Dr. Edith Perez, from the Mayo Clinic Cancer Center, Florida, Discusses the B-34 Clodronate Study
The idea that bisphosphonates have the potential to impact breast cancer recurrence has been discussed for many years, states Edith A. Perez, MD, deputy director, Mayo Clinic Cancer Center, Florida, director, Breast Program, Serene M. and Frances C. Durling Professor of Medicine, Mayo Medical School.
The phase III B-34 study investigated the oral bisphosphonate clodronate in a progressive, randomized, double-blind, placebo controlled study. The primary endpoint of the trial was disease-free survival with a secondary endpoint focusing on the incidence of skeletal metastases, overall survival, relapse-free survival, non-skeletal metastases, and skeletal morbid events.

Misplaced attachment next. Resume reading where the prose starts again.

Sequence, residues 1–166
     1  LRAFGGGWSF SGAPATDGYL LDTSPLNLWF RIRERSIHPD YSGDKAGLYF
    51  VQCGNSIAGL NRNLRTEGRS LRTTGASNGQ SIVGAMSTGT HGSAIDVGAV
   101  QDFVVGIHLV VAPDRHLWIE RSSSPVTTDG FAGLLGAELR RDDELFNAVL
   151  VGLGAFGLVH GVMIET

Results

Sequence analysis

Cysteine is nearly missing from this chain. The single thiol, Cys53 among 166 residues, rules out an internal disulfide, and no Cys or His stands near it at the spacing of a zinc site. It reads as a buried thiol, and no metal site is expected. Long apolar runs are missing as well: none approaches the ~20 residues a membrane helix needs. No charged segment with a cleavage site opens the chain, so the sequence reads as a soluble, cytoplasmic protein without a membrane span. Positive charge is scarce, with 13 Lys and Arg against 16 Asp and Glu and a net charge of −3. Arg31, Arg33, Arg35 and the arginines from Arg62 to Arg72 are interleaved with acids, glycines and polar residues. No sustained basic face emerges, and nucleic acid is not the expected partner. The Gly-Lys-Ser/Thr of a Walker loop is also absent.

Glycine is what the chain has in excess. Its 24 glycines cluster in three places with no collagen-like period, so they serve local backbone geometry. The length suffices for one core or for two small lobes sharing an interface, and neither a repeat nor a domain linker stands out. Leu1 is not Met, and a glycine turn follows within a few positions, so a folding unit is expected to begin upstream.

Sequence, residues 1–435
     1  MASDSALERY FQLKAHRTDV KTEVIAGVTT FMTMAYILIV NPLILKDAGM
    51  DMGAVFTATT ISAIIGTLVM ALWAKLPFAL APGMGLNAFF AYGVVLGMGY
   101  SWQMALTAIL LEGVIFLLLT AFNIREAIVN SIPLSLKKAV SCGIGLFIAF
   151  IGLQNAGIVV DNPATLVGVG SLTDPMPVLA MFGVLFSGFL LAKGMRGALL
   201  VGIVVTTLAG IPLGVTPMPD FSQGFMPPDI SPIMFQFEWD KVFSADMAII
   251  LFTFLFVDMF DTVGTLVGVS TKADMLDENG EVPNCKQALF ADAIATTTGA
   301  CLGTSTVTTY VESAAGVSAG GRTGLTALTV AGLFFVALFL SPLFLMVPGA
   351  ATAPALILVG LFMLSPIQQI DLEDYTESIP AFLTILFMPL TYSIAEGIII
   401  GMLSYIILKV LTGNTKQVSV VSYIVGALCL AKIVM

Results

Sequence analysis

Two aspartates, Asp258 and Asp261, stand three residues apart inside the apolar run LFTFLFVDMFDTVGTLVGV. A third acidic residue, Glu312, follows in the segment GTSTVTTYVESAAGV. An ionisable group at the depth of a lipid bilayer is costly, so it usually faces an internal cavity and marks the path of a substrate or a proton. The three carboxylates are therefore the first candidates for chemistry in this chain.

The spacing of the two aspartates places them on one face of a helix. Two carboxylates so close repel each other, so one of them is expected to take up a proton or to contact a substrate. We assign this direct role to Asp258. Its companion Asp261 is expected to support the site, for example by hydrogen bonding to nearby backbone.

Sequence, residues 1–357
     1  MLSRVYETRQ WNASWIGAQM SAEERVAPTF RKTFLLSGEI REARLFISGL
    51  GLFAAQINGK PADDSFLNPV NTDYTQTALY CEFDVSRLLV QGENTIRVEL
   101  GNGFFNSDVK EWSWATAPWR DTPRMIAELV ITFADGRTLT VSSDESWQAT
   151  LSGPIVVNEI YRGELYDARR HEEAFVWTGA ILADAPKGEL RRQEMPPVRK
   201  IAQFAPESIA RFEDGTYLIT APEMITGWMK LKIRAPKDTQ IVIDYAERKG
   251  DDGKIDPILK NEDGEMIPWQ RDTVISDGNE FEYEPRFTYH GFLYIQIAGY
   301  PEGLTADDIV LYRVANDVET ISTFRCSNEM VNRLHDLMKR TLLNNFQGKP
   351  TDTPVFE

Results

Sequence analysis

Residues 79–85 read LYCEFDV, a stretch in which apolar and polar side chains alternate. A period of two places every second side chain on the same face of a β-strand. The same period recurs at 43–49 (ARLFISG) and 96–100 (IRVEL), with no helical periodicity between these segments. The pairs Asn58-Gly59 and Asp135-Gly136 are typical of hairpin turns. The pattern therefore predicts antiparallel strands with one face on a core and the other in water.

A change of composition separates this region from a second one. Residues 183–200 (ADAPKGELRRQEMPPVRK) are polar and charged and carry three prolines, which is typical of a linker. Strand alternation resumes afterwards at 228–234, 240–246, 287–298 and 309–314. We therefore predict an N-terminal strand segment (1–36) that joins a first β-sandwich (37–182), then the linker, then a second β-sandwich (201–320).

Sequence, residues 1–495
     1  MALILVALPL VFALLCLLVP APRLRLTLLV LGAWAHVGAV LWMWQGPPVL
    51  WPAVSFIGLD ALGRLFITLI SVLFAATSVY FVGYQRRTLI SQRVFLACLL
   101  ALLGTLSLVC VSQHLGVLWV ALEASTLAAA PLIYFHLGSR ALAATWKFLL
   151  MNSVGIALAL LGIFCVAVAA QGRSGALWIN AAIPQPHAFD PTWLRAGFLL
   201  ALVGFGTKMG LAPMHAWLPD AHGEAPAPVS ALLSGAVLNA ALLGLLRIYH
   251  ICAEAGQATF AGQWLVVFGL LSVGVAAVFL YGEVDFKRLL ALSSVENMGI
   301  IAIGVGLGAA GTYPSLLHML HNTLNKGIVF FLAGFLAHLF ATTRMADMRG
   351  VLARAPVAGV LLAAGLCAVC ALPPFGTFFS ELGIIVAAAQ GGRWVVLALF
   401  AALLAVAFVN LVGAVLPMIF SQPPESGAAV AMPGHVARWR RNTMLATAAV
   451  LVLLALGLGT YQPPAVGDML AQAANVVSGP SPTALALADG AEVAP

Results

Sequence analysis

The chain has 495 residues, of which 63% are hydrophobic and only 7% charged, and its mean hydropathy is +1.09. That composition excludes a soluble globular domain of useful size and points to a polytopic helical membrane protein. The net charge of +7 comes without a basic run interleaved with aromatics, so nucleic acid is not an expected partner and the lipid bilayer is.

Perez, one of the authors of the study, notes that the results of the trial were interesting and that overall there was not a significant difference observed between the two arms. The results demonstrated that clodronate may perform better in a subset of patients that are 50 years or older. This older subset of patients demonstrated a decreased risk for breast cancer recurrence in other sites besides the bone, which was unexpected for a bisphosphonate.
The findings of the trial suggested that further investigation is needed in postmenopausal women. Several bone-targeting drugs are available such as clodronate, zoledronic acid, and denosumab, a RANK ligand inhibitor. The B-34 trial supports the need for further analysis into bisphosphonates to prevent breast cancer recurrence.